Cardano Founder Debunks SEC Allegations That Claim ADA As Security

Cardano Founder Debunks SEC Allegations That Claim ADA As Security
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Cardano (ADA) creator Charles Hoskinson has strongly denied the United States Securities and Exchange Commission’s (SEC) allegations that the Cardano network’s native ADA token is a security. His response came after lawyer and crypto enthusiast Bill Morgan took to Twitter to explain that adding functionality and marketing a product, as done with ADA, is not the same as selling a security.

The ongoing cryptocurrency war with the SEC is taking a turn for the worst as the American watchdog continues to target digital assets and crypto-focused companies. Recently, the SEC named several digital tokens including Cardano (ADA), Solana (SOL), and Polygon (MATIC) among many others as examples of securities being offered and traded on allegedly non-compliant crypto exchanges as part of its lawsuits against Binance and Coinbase.

The accusations did not sit well with the respective blockchain companies that have created the tokens with the companies slamming back the SEC and explaining why the digital tokens cannot be deemed as securities.

Why is ADA Not a Security?

On June 12, Hoskinson clarified that ADA is not a security under United States securities laws and has never been. He stated the Cardano project financing was done in Japan where no token was sold and instead vouchers were sold along with the pricing either in Japanese Yen or Bitcoin (BTC). In addition, Hoskinson argued that ADA was launched in 2017 as an airdrop, only two years after the voucher sale, citing the SEC’s allegations as having numerous factual errors. The Cardano founder tweeted,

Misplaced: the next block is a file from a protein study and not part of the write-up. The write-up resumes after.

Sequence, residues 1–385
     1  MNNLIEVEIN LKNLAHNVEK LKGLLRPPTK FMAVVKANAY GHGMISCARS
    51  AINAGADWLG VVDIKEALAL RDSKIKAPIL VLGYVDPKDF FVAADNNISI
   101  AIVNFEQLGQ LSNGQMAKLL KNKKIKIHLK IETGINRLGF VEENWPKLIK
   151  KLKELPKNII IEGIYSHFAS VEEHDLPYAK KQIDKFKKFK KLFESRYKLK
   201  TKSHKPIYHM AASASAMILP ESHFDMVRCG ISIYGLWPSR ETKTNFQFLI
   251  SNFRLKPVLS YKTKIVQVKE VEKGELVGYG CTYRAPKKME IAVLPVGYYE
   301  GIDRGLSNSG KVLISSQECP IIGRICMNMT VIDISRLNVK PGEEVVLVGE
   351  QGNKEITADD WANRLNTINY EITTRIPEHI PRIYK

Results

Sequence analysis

“The financing was done in Japan, no ada was sold, only vouchers, marketing was in Japanese, priced in Yen and Bitcoin, and no one from the United States participated. Ada launched in 2017 as an airdrop two years after the voucher sale. The facts might be inconvenient to the SEC, but are facts.”

Hoskinson’s response came shortly after Morgan took to the micro-blogging platform to analyze why ADA cannot be considered as a security. The lawyer argued that adding functionality and marketing a product does not equate to selling a security. It is merely an effort to boost the product, improving its software application.

Morgan explained why ADA cannot qualify as a security comparing it to a smartphone. He claimed, as done with Cardano (ADA), adding some features or capabilities to make the product better does not deem the item as security. He added,

“Well if you do only those things you are not selling a security. You are just trying to improve your smartphone or software to stay competitive & increase sales. Unless the thing you are improving & adding functionality to its crypto, and then magically it becomes a security.”

Why is ADA Not a Security?

Crypto Firms Fight Back Against SEC

This comes hot on the heels after Input Output Global (IOG), the developing firm behind the Cardano ecosystem, released a statement dismissing SEC’s claims that ADA is a security. As per the statement, IOG said the SEC’s filing is riddled with “numerous factual inaccuracies,” and went on to call the action “regulation by enforcement”, questioning the agency’s clarity in understanding blockchain technologies.

Not just Cardano (ADA) developers. On Saturday, the Solana Foundation, a non-profit dedicated to the Solana (SOL) network also delivered a similar message citing it “disagrees with the characterization of SOL as a security.” 

Furthermore, Paradigm, a crypto-focused venture capital firm criticized the US SEC’s attempt to alter the definition of exchange in context with the digital assets industry, last week. The VC firm sent the SEC secretary Vanessa Countryman, blasting the American watchdog’s attempt to redefine the term “exchange”, which seeks to fuse both decentralized exchanges (DEX) and decentralized finance (DeFi) into the definition.


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